At the US Open Monfils lost in the fourth round to Mardy Fish on Monfils' birthday (September 1) in straight sets after having defeated World No. 7 David Nalbandian again, in straight sets 6-4, 6-3, 6-2.

In the Thailand Open Monfils reached the semi finals with a first round bye followed by straight sets victories over Robert Kendrick and Philipp Petzschner. However, there seemed to be little competition from him when he was defeated by his good friend Jo-Wilfried Tsonga 0-6, 3-6.

Monfils also looked convincing in the BA-CA Tennis Trophy played in Vienna, Austria with notable wins over Radek Št?pánek, Fernando González and Philipp Kohlschreiber. Unfortunately for Monfils he was not able to claim the title losing 4-6, 4-6 to Philipp Petzschner in the final.

Personal

Gaël is nicknamed "La Monf". He is of Caribbean heritage: his father, Rufin, a former soccer player, comes from the island of Guadeloupe, France. He is an agent for France Telecom. His mother, Sylvette, comes from the island of Martinique, France and is a nurse. He also has one younger brother, Daryl.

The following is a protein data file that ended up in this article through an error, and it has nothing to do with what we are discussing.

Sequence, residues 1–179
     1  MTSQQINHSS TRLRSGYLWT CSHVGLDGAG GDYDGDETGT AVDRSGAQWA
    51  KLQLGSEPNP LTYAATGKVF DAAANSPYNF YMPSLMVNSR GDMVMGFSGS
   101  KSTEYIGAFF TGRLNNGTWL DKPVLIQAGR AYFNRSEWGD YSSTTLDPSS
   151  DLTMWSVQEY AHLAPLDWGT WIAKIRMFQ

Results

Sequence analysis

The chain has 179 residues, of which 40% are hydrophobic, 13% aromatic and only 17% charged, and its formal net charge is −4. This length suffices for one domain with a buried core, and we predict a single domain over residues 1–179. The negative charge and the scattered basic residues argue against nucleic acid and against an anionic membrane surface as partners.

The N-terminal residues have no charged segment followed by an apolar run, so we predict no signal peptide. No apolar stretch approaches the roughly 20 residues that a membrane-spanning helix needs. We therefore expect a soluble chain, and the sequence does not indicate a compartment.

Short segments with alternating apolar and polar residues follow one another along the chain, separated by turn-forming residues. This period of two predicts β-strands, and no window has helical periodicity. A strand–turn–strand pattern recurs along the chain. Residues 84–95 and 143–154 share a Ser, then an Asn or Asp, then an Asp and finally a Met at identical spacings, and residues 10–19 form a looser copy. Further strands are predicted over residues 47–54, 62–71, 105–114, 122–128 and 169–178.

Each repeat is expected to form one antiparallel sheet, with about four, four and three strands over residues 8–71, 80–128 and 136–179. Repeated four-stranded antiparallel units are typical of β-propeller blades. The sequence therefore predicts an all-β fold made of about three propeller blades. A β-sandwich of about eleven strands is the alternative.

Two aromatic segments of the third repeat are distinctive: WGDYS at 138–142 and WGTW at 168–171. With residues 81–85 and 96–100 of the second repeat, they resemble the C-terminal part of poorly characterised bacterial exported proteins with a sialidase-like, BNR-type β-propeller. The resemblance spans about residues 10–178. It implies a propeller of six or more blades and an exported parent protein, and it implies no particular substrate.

Monfils considers Arthur Ashe to be his favorite player. He is fond of listening to music, particularly R&B. If he did not play tennis, he would play basketball. He is a huge fan of NBA team Detroit Pistons and his favorite basketball player is Carmelo Anthony. His best friends are countrymen and former juniors Josselin Ouanna, Paterne Mamata and fellow pro Jo-Wilfried Tsonga

He was coached by countryman and former ATP pro Thierry Champion (since September 2004) but they parted company in September 2006. Nevertheless, Monfils' fitness trainer is still Rémi Barbarin. Monfils announced a partnership with a new coach, Tarik Benhabiles, in May 2007.

He is a former soccer player, but decided rather to pursue tennis.